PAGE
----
Australia: Costs Awarded Against HR for Destruction of Confidential Information

 

By Veronica Clinch © Macpherson Kelley June 14, 2019
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​The Supreme Court of New South Wales has awarded legal costs against an HR manager who destroyed confidential information belonging to his former employer, Freelancer Australia, despite being put on notice that Freelancer intended to seek an injunction restraining him from doing so.

The HR manager had previously given evidence during his unfair dismissal proceeding against Freelancer that he had copied information that was deemed by Freelancer to be confidential and/or commercially sensitive.

In June 2018, Freelancer applied to the court for orders to preserve, and provide access to, the confidential information. The application was initiated in response to the HR manager's threat to delete the information in his possession if Freelancer did not provide an undertaking, within a 26.5-hour deadline, that it would not pursue criminal proceedings against him.

Freelancer sought an undertaking within the timeframe from the HR manager that he would not delete the related confidential information and had instructed their solicitors to make an urgent application to prevent destruction of the information.

But it was too late and the information was deleted, rendering the injunction proceedings unnecessary and creating controversy in relation to the award of legal costs, which was resolved in favor of Freelancer.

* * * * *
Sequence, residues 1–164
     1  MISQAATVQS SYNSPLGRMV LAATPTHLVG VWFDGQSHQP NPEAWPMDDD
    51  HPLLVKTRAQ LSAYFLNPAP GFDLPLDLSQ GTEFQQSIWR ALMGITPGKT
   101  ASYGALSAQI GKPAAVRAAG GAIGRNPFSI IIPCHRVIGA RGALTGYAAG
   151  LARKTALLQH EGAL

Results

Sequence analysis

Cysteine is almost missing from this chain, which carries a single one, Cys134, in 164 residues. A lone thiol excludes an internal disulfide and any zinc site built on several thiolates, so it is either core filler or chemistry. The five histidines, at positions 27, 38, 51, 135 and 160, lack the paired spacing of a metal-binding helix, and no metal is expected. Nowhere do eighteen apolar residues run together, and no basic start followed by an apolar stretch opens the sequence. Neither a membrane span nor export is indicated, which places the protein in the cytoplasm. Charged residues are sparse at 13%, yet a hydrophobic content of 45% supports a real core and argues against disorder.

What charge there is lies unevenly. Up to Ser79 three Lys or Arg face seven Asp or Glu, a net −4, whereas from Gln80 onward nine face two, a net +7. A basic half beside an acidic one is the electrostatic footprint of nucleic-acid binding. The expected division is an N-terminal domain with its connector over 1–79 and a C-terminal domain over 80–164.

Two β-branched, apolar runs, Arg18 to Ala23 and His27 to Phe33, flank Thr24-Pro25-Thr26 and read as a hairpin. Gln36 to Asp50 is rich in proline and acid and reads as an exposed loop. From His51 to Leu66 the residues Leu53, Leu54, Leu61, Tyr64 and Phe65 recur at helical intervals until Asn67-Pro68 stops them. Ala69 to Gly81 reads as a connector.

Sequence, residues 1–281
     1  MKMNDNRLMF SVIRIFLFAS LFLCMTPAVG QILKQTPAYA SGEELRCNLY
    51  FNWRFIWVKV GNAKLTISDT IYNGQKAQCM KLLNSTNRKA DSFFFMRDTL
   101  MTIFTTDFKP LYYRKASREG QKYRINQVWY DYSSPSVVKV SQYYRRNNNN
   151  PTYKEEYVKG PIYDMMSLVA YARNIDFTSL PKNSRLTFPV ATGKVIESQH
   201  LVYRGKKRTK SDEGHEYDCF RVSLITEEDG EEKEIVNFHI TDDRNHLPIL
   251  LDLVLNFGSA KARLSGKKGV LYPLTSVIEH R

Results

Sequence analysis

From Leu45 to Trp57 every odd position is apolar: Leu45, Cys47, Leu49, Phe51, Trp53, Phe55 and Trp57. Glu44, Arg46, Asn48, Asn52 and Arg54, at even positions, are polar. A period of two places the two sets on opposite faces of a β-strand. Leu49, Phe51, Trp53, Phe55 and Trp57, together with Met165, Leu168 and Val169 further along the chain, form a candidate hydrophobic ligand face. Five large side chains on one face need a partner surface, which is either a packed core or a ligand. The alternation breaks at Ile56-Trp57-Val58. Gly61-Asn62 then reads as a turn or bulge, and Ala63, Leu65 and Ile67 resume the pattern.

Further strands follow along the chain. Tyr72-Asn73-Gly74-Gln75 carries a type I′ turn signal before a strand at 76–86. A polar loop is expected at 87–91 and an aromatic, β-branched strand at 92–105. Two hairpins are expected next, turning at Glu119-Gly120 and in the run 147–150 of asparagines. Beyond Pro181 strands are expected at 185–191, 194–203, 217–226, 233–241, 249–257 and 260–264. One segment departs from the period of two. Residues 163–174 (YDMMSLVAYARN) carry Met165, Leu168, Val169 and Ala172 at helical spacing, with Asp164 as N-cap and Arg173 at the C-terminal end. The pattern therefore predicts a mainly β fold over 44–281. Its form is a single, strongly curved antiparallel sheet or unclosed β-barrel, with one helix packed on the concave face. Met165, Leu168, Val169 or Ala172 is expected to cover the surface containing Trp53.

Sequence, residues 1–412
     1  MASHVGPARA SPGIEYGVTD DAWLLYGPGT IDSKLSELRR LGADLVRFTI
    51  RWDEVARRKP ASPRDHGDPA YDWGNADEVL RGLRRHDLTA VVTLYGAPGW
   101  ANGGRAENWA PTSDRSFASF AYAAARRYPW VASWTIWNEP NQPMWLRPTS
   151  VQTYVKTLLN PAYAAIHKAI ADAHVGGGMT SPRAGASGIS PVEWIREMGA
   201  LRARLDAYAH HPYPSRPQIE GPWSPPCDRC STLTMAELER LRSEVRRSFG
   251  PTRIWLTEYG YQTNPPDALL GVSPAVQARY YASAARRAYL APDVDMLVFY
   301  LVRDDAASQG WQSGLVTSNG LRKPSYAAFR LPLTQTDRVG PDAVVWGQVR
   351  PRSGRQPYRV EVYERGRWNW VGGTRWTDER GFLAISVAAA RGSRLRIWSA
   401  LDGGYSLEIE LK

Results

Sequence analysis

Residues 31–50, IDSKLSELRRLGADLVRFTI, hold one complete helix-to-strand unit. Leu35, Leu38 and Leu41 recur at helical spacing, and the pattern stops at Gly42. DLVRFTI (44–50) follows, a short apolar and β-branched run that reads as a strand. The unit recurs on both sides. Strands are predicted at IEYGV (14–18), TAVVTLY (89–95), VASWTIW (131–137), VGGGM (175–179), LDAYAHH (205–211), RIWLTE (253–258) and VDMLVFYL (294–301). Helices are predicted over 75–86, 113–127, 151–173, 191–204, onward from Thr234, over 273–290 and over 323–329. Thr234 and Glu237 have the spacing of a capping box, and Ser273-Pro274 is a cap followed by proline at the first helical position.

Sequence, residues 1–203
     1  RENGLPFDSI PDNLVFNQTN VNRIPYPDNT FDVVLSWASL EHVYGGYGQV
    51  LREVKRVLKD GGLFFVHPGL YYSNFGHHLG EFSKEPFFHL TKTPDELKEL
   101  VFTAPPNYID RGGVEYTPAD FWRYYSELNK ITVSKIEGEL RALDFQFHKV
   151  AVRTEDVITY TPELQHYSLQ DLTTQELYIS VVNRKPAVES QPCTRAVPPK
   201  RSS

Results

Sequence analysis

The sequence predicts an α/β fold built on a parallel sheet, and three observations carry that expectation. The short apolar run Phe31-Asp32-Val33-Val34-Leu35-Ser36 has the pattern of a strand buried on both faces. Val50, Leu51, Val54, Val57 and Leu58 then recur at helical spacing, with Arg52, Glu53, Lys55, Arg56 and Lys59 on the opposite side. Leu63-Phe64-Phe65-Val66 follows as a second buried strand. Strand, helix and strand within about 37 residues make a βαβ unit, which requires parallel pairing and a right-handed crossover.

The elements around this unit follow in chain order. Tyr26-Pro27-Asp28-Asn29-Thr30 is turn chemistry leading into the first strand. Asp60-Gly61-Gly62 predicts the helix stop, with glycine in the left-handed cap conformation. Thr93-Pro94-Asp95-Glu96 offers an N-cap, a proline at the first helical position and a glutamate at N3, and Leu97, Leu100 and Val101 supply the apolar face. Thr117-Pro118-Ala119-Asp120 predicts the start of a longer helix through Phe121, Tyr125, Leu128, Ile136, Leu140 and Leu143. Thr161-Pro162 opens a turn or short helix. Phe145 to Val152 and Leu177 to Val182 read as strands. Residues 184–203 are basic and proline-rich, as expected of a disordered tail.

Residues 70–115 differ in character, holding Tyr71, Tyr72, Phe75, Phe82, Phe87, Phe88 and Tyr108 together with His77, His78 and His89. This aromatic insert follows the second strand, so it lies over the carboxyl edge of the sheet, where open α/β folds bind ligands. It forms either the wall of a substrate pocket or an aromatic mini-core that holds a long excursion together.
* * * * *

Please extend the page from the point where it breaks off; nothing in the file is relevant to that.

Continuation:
Lessons for Employers

Employers should:

  • Consider whether their employment agreements contain adequate protection for their business's confidential information.
  • Ensure they are reacting promptly to issues regarding confidential information. Getting on the front foot early can avoid information getting into the wrong hands and will maximize the prospects of successfully obtaining injunctive relief if necessary.
  • Consider making a preliminary discovery application or engaging a forensic IT expert when concerns exist that an employee or ex-employee with access to sensitive information may be breaching obligations of confidentiality.

Veronica Clinch is an attorney with Macpherson Kelley in Melbourne, Australia. © 2019 Macpherson Kelley. All rights reserved. Reposted with permission of Lexology.

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